Surgical Treatment Of Parkinson's Disease
The first surgical operation for Parkinson's disease were performed in 1952 following the introduction of stereotactic system by Spiegel and Wycis in 1947. During 1950's and 1960's, thousands of surgeries were performed for this debilitating disease for which no effective medical treatment was available. However in 1960's, discovery of levodopa made the surgical treatment redundant. Levodopa was found to be very effective in alleviating parkinsonian symptoms. However few years later, side effects of levodopa started appearing in the patients who had been on long term levodopa treatment. This led to rethinking about the surgical option. During the last decade there has been resurgence in the interest of neurosurgical treatment of Parkinson's disease due to simultaneous advances in the clinical neurosurgery and basic neurosciences. The current model of basal ganglia connections and their role in movement disorders provide a rational basis for the neurosurgical treatment of Parkinson's disease. There are three targets for neurosurgical treatment of Parkinson's disease: 1) Globus Pallidus Interna (Gpi), 2) Subthalamic Nucleus (STN) and 3) VIM Nucleus of the thalamus. Options of treatment include implantation of deep brain stimulators in one or more of these areas (Gpi, STN & VIM) or the creation of new lesion in Gpi (Pallidotomy) or VIM nucleus of the thalamus (Thalamotomy). The choice of which treatment and the best target for treatment is based on the careful evaluation of each patient by our movement disorder team. Currently the GPi & STN are the preferred targets for the treatment of Parkinson's disease.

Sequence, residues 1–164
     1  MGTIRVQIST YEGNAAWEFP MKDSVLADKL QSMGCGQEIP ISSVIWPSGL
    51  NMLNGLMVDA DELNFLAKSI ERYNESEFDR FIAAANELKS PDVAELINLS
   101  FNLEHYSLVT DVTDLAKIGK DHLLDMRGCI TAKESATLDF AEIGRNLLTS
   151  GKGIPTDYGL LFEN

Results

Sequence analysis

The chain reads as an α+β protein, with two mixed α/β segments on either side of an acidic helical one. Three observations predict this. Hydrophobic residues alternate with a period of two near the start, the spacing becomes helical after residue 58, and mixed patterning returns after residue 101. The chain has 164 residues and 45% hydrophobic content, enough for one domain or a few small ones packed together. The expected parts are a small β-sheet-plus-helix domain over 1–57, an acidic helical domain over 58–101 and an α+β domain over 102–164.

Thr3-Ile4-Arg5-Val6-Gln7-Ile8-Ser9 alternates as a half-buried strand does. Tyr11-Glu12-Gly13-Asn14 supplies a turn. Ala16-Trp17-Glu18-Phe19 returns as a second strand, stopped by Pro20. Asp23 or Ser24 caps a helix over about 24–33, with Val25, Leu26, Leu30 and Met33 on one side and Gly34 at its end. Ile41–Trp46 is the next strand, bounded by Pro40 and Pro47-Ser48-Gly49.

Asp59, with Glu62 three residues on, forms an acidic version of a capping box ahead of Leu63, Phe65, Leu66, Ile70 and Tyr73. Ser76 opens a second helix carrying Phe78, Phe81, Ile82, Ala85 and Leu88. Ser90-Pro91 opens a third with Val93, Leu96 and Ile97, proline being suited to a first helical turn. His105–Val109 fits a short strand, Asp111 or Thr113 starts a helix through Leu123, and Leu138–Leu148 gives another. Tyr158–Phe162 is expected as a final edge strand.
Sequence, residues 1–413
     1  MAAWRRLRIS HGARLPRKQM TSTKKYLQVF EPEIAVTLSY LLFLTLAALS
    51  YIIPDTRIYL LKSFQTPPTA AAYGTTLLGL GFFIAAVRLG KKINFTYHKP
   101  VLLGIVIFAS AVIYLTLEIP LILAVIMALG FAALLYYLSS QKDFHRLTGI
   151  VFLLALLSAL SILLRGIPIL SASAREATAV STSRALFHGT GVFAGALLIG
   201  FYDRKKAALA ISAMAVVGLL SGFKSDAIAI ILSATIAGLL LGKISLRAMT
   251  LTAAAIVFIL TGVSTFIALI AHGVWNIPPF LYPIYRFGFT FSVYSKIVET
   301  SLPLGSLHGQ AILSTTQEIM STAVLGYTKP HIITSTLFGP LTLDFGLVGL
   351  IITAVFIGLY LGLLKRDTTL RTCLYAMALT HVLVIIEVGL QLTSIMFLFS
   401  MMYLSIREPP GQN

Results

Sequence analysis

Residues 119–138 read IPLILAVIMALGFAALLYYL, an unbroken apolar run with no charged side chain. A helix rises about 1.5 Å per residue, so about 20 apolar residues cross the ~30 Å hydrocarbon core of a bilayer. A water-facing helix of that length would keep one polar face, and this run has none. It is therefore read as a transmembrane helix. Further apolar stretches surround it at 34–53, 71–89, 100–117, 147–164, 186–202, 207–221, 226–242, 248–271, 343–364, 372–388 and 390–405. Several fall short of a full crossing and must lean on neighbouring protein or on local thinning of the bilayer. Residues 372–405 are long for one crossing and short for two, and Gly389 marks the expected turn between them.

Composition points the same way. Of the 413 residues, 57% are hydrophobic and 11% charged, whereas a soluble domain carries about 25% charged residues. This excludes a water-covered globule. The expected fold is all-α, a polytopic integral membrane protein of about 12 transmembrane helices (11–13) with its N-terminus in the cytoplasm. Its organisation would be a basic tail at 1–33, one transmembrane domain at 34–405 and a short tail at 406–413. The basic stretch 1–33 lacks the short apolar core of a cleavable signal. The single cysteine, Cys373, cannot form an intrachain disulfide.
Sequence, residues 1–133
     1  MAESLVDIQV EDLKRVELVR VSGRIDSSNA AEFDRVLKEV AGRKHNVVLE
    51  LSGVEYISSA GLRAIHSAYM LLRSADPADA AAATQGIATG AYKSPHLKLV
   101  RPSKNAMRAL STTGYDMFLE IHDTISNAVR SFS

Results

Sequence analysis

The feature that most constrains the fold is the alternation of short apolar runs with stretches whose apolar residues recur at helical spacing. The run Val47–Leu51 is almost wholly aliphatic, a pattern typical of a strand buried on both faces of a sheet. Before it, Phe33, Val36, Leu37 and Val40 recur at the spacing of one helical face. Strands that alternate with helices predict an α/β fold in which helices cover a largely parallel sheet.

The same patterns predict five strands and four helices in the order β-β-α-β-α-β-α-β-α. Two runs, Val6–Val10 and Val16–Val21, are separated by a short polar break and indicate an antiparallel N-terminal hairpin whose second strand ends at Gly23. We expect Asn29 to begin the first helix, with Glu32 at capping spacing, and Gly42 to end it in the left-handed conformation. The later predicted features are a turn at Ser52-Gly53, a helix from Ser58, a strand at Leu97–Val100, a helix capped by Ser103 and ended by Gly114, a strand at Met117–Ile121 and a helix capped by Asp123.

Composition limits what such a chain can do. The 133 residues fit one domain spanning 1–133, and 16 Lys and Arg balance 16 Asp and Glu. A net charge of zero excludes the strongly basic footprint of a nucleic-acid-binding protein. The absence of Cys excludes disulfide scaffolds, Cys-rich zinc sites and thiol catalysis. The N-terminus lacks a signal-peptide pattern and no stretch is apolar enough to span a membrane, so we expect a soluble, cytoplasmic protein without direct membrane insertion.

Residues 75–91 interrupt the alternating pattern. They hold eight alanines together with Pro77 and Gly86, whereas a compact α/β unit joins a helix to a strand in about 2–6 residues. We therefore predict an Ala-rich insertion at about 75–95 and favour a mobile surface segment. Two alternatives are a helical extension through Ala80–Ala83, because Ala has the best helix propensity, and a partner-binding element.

Basal Ganglia Anatomy:
Basal ganglia are group of cells located deep within the brain.
Fig. 1. Coronal section through the brain showing various surgical targets for Parkinson's disease surgery.
They are responsible for the extra pyramidal function of the brain. Basal ganglia normally comprise of five nuclei i.e. caudate, putamen, globus pallidus, substantia nigra and subthalamic nucleus. The globus pallidus is further divided into globus pallidum externus(Gpe) and globus pallidum internus(GPi). The caudate and putamen together are also called striatum whereas putamen and globus pallidum are called the lentiform nucleus. The main outflow of the basal ganglia is through the globus pallidum. To explain the functioning of the basal ganglia in normal and parkinsonian state we need to understand its connections and their relative functions. The present basal ganglia model explains the intricate connections between the cortex and the basal ganglia by direct and indirect pathways.
There are projections from the cortex to the putamen, which in turns connects to the GPi. The GPi projects to the thalamus which in turn projects back to the cortex. In this loop, the projections from cortex to the putamen are excitatory (Glutamate). The projection from the putamen to GPi and from GPi to the thalamus are inhibitory (Gamma amino butyric acid (GABA)). Again the projections from the thalamus to the cortex are excitatory. When the cortex is stimulated it excites the putamen, the putamen in turn inhibits the GPi, which in turn inhibits the thalamus. The thalamus is in a chronically inhibited state by the excitatory impulses from the GPi and hence following cortical excitation when the inhibitory inputs travel from GPi to thalamus, the thalamus is released, resulting in the excitatory stimulation from the thalamus to travel to the cortex thereby re-enforcing the direct movements.